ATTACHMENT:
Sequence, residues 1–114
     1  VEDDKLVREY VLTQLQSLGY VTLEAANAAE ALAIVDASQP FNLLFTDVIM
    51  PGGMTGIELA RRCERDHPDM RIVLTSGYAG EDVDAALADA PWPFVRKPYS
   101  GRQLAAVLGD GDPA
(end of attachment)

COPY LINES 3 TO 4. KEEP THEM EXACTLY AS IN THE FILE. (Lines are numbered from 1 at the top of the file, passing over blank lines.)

    51  PGGMTGIELA RRCERDHPDM RIVLTSGYAG EDVDAALADA PWPFVRKPYS
   101  GRQLAAVLGD GDPA